Supple soprano is a treat for all tastes
What is it with sopranos and the desserts named after them? No reference to the TV show, please, we're talking music here. First came the Pear Belle Helene, named for an Offenbach opera, then Peach Melba for the Australian singer. Now you've got La Diva Renee, a chocolate dessert found in New York's elite restaurants.
With soprano Renee Fleming:
In concert: 8 p.m. Friday, 4 p.m. Sunday
Place: Blaisdell Concert Hall
Tickets: $22 to $73
Call: 792-2000 or Ticketmaster, 877-750-4400
You know Renee Fleming has reached the pantheon when a master chef's creation bears your name. Indeed, she is the reigning prima donna supreme, acclaimed throughout the world as the "gold standard of soprano sound."
Standing beside the Honolulu Symphony Orchestra and maestro Sam Wong, the two-time Grammy award winner will show off her artistry, from the refinement of Mozart's arias to the lyricism of Verdi's operas, from the pathos of Richard Strauss to the suaveness of Cole Porter. No lengthy introduction, supporting roles or fancy costumes. Call it Renee Fleming unplugged, if you will.
If you were to ask Fleming, "What is your Fach?" the singer would instantly reply: "But full lyric soprano, of course!" You'd be relieved to hear that, but what in the world is a Fach?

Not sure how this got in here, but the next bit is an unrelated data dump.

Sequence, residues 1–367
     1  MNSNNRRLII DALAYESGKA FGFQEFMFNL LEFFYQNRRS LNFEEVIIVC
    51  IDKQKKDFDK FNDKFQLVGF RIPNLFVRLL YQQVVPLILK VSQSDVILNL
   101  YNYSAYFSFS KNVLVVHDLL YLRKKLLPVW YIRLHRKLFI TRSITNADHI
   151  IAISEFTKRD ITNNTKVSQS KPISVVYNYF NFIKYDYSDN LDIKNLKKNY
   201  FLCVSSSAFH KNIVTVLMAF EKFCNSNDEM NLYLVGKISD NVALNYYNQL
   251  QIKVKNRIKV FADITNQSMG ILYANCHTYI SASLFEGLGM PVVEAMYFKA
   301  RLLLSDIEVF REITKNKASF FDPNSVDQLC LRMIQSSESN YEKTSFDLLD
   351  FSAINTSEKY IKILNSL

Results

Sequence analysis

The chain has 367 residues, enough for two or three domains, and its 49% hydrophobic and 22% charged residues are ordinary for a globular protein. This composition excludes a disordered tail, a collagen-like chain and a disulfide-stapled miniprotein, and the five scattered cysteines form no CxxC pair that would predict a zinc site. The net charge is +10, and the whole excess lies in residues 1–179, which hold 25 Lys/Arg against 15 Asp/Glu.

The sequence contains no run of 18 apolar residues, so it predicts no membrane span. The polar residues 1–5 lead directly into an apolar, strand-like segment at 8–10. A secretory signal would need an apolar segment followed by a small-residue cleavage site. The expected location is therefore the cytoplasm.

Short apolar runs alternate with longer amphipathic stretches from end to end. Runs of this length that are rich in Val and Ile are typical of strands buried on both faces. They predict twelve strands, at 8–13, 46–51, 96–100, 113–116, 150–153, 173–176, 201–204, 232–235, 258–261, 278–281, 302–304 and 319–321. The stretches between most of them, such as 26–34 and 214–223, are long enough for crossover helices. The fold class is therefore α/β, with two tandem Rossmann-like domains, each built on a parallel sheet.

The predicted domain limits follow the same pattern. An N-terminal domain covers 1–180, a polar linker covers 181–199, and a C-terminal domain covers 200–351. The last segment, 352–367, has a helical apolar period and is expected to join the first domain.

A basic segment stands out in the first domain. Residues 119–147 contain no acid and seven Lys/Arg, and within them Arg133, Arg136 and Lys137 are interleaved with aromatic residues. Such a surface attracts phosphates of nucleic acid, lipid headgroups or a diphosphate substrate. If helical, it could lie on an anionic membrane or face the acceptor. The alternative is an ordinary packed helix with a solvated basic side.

Voice parts determine how high or low one can sing. Bass, baritone and tenor are male parts; alto, mezzo-soprano and soprano are female. In addition, each voice possesses a unique tonal color and ability. That's where the Fach -- a system that originated in German opera houses that classifies types of voices -- comes in.
Sopranos can be divided into lyric soprano, dramatic coloratura, dramatic soprano and more. Mimi, the leading character from Puccini's "La Bohème," is a part for lyric soprano, but Mozart's Queen of the Night from "The Magic Flute" is a dramatic coloratura because of its higher technical demand.
Fleming defies this simple labeling. The range in tone and color of her voice allows her to portray different roles, from a sensitive Mimi to a Viking-helmeted heroine full of stamina and power. Recently she's even ventured into the lighter stratospheric coloratura, ever expanding her repertoire.
Fleming's roots also cover many other styles of music, from jazz to musicals. She has an innate sense for classics like "My Fair Lady" and "Carousel."
Many singers today cross over to the lighter side, but when it's done wrong, the whole deal seems like a cheap marketing trick. I love "West Side Story," but when I hear the Three Tenors sing "I Feel Pretty," I long to see Natalie Wood on the big screen. This is never a problem with Fleming.
Her journey to Hawaii will bring pleasure to your senses, covering music of all tastes. Don't be surprised if a local master chef names a dessert in her honor after this weekend.
Ignace "Iggy" Jang
is the Honolulu Symphony's concertmaster. His column will appear on the Monday prior to each concert of the season to illuminate works to be performed. E-mail comments and questions to Jang at firstname.lastname@example.org